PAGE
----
... the fruit of our native Kapok, Cochlospermum gillivraei.  Here's hoping we see more of this fabulous native popping up in the paddock.

We also found this fabulous looking thing blooming away in another corner of the bush paddock, close to the creek bed.   Thanks to an I.D. provided by a fellow gardener on Facebook, I found out it's our native Turraea pubescens, more commonly known as native Witch Hazel.

It's thriving in amongst a massive clump of Lantana that we hadn't managed to poison, as it was very difficult to access because of an enormous patch of Chinee Apple Trees that was in the way.  Now that the Chinee Apples have been dealt with, we will definitely get in and deal out some deadly treatment to the patch of Lantana that surrounds this native beauty.

We saw quite a few clumps of grass visible in the more open landscape,

and loads of our native fern, Cheilanthes sieberi,  popping up in rock crevices everywhere.

It's a beautiful little thing and we'd love to see this spread all over the bush paddock. 

All in all, as we headed back up to the our house, we were very, very pleased with our efforts so far. 

Sunday, November 17, 2013

Garden Bloggers' Bloom Day ... November 2013 ... End of Spring

As November comes to a close, Springtime here in the tropics is nearing its end.  The spring-blooming native Planchonia careya, or Cocky Apple, is still showing off its strange flowers though,

and attracting loads of insects.

The Cocky Apples on my property were late bloomers this year, compared to the trees in the surrounding bushland, and there are still lots of buds waiting to burst into bloom.

Not only is the end of Spring is nigh, but it looks as if the dry season is also ending.  We've had some rain during the month of November, which has been lovely.   Around our city so far, the rainfall total for this month has reached 117 mm or 4.6 inches.  I think the last time we had a November total around that, was back in 2010.   Out here in the foothills, I don't believe we've had quite that much rain, but we certainly have had some very decent falls.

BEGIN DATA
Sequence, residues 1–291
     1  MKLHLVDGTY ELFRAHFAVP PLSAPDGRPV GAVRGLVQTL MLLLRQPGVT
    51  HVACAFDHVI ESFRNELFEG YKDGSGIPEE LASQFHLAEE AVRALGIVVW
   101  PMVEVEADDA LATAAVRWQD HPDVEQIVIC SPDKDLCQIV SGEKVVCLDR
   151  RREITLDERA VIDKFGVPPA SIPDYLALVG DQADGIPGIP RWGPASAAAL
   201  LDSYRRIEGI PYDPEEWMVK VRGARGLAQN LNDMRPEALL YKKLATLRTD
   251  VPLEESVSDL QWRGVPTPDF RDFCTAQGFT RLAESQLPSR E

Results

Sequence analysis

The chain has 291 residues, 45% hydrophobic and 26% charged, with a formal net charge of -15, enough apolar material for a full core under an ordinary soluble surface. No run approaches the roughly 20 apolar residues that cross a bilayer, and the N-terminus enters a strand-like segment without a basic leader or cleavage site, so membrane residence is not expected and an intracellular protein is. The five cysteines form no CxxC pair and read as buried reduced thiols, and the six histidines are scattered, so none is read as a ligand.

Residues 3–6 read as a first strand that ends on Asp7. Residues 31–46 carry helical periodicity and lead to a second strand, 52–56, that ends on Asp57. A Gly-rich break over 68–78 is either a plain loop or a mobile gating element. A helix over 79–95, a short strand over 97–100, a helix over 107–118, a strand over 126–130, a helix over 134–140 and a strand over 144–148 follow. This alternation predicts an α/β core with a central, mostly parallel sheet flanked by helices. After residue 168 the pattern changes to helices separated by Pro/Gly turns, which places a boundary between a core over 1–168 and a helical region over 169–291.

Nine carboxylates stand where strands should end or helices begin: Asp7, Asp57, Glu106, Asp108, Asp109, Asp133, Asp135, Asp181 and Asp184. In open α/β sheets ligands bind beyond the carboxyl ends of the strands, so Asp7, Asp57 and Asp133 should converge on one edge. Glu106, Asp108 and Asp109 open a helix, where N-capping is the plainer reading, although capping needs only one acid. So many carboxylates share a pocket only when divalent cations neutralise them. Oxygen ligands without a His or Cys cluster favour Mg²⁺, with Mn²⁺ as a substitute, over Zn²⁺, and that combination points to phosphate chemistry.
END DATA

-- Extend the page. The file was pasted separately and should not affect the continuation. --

Finally, there's a faint tinge of green to be seen around the yard,

and the mainstay shrubs are looking a little plumper as the leaf growth begins again.

The Agile Wallabies are now finding some grass to munch on rather than digging huge holes everywhere in search of grass roots.

Plants like the Galphimia glauca are bursting at the seams with golden yellow flowers.

Crotons are blooming and the Mussaendas are beginning another blooming cycle.

Mussaenda 'Calcutta Sunset' is throwing out its first coloured bracts,

as is Mussaenda philippica 'Aurore'

and Mussaenda philippica 'Bangkok Rose'.

A sure sign that Spring is coming to an end, and Summer is about to begin, is the sight of the Delonix regias breaking into bloom.

All around the city, around the foothills here and on my property, there are splashes of bright red everywhere.

I have three large Delonix regias, or Poincianas, here and all are now covered in blooms.

Another sign that Summer is almost here, is the sight of the fabulous Plumeria flowers.

With the arrival of rain, the Murraya paniculatas, that grow underneath the Plumerias, have burst into bloom and have filled the garden with their delightful, heady scent.

I just adore the perfume of these flowers.

In the top tiers of the tiered garden beds,

the Adenium obesum, Duranta, Nerium oleander are blooming, while the first buds of the Hemerocallis corner have appeared and a couple of Caladiums have been on show.

In the bottom of the tiered beds, outside my shadehouse garden, there are Salvias in bloom.

Salvia madrensis always looks terrific,

but I do have a soft spot for Salvia leucantha 'White Velour'.

As you get closer to the shadehouse garden,

you will also spot Pentas, Ruellia and Dianthera.

 Inside the shadehouse,

there's Spathiphyllum, Begonia and Impatiens flowers, as well as Caladiums rising from dormancy.

Out in the courtyard garden, you will find Salvia farinacea 'Strata', Petunias, Tabernaemontan corymbosa 'Sweet Love', Pelargoniums, Impatiens walleriana and Duranta in bloom.

Down the driveway garden,

Russelias, Thunbergia erecta 'Tru Blu', Turnera subulata and my Polygala are all showing off their beautiful flowers.

That's my contribution to GBBD for this month of November ... a little late, I know, but at least I've managed a post for this month after a bit of a break.

For many more fabulous posts that show what's blooming around the world this month, make sure you visit Carol's Garden Bloggers' Bloom Day meme.

Related Posts with Thumbnails